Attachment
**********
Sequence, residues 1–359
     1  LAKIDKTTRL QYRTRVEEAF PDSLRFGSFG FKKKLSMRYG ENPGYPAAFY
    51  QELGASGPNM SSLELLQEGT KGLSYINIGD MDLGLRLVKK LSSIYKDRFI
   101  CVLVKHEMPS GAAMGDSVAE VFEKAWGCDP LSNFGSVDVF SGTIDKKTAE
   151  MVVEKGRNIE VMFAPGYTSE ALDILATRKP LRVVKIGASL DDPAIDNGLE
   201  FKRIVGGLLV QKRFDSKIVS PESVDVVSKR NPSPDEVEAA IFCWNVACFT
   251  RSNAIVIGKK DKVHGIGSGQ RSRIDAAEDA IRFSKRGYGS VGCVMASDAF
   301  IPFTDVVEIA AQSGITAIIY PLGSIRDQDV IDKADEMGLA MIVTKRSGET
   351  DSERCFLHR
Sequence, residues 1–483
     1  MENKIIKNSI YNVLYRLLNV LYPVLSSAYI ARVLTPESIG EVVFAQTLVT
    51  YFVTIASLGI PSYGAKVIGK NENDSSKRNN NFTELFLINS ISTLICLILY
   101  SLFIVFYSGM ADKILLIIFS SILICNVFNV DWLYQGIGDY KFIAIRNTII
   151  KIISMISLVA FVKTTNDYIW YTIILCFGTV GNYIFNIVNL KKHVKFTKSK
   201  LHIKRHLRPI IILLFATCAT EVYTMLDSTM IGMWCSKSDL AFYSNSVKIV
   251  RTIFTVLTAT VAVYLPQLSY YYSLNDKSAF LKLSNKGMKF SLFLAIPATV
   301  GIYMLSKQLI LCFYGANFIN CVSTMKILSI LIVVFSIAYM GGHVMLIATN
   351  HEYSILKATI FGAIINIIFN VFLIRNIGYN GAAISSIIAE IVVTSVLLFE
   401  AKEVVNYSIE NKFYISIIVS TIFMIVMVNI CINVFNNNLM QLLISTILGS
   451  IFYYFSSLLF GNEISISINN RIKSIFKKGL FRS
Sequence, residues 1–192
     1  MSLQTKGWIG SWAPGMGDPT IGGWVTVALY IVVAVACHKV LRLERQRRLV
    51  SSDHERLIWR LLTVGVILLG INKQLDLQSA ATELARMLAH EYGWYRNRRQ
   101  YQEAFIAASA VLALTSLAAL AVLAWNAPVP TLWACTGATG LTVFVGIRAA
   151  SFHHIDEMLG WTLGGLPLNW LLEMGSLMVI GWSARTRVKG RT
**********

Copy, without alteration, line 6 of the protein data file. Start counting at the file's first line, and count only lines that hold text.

   201  FKRIVGGLLV QKRFDSKIVS PESVDVVSKR NPSPDEVEAA IFCWNVACFT